Canada by Rail – Jasper to Toronto

Travel Dates: September 17-20, 2022

I was in my happy place – on board a train with beautiful views all around. I woke up early the first morning and headed up to the dome car to watch the sunrise.

First sunrise on board the Canadian

All the cross country Amtrak trains in the west feature high-level cars: entry at track level with most seats and bedrooms on the second “floor”. The Canadian is made up of one-level cars interspersed with four dome cars. The biggest advantage of these dome cars over the Amtrak trains is you can see forward. I made the dome car nearest our room my home-away-from-home-away-from-home.

Here is a view from one of the dome cars farther back on the train.

View from one of the rear dome cars on the VIA Rail Canadian

Inside the dome.

One of the dome cars on the VIA Rail Canadian. We spent hours up here.

We had a great time with the Mattilas talking, reading, and generally enjoying each others’ company. We always sat together for our meals. On a long trip like this you have the opportunity to unwind and relax.

When in Canada, drink Canadian beer!

It’s a long way from Jasper to Toronto. Here is an overview of the route from Google Maps. [I tried to embed the image directly from GM but the WordPress editor (or something) didn’t work so I’m including a screen capture.]

Overview of our journey. [Google Maps]

We boarded in the province of Alberta and would pass through Saskatchewan, Manitoba, and Ontario.

Saskatchewan is the breadbasket of Canada. Miles upon miles of fields.

Saskatchewan wheat fields

Because our train was running eight or nine hours late – thanks to a rockslide between Vancouver and Jasper – our station stops occurred at different times than scheduled. Stops are a great time to get out and stretch our legs for a bit.

Station stop in Melville, Saskatchewan

Eventually we put Saskatchewan behind us and entered Manitoba. The western part – like Saskatchewan – is to my eyes similar to the northern plains of the United States.

Approaching Winnipeg, Manitoba

The western Amtrak routes – especially the Empire Builder and The Southwest Chief – go through empty parts of the country. But those routes can’t hold a candle to the remoteness of the Canadian route. We went for hours and hours between stops – sometimes just one a day. So when we stopped most everyone hopped off for a few minutes of fresh air. You could tell the smokers. They’d be in the vestibule with an unlit cigarette in their mouth and a lighter in their hands ready to light up as soon as they disembarked. It must have been a tough go for them.

A rare stop on the trip east; in Sioux Lookout, Ontario

Our travel itinerary pointed out we would travel through the Canadian Shield. I’d never heard of it and wondered what it would be like. You can read the article in the Wikipedia article linked above. The quotations and description are from that article. The Shield is a rocky area forming the “ancient geologic core of the North American continent.” It stretches through eastern and central Canada, ranging from the Great Lakes to the Arctic Ocean. The glaciers pushed through leaving behind a very thin layer of soil.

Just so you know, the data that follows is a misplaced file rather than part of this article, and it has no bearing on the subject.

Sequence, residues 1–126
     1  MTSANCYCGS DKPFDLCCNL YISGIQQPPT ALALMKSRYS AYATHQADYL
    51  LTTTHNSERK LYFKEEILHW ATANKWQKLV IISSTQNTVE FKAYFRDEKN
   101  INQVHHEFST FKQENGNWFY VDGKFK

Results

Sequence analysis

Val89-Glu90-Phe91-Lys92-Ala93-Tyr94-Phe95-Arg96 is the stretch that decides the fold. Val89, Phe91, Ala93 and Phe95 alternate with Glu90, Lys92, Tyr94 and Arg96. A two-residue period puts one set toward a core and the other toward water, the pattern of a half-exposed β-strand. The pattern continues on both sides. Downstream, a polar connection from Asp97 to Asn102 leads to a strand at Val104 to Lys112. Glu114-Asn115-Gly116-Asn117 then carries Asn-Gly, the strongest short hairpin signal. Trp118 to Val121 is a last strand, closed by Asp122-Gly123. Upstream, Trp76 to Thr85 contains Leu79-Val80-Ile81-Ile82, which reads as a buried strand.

As a result of that rock bed every low spot turns into a pond or lake. Here is an overview from Google Maps – look at all that blue.

Overview of part of the Canadian Shield showing all the bodies of water. [Google Maps]

Although the soil is not rich enough to support farming, it isn’t barren country.

The Canadian Shield – Capreol, Ontario

The rear of the train housed the deluxe accommodations. The riffraff like ourselves were allowed between 4:00 PM and sunset. It made for a nice journey down about a dozen rocking rail cars to the park car. We’d have a drink or two then head back to our dining room for dinner. The young man I’m talking to is Martin who hails from Singapore. He was a hoot; very friendly with plenty of stories to tell of his journeys.

The Park Car at the end of the Canadian.

Sadly, you can’t get this view from the back of the Canadian anymore. About a week after our trip VIA Rail was required to put one or two buffer cars (not sure if they are empty passenger cars or freight cars) at the rear to protect the passengers in case the train is rear-ended. I’m glad we went when we did.

As I did when the sun came up, I spent time in the dome in the evening.

The Canadian rounding a curve through the Canadian Shield

There were a few of us who loved the dome even in the dark. Seeing the stars and the railroad signal lights zooming by out of the dark was delightful.

We were scheduled to arrive in Toronto during the day on September 20 which would give us time to gather ourselves before a dinner at the top of the CN tower. But we got in too late for that. Terri called Fresh Tracks Canada from the train who took care of things and moved our reservation to the next night. It’s a little dicey making calls from the train; there isn’t any signal for most of the route so calls have to be squeezed into the short stops at the few-and-far-between stations along the way.

But I’m getting ahead of myself. More on Toronto, and Niagara on the Lake in the next post.

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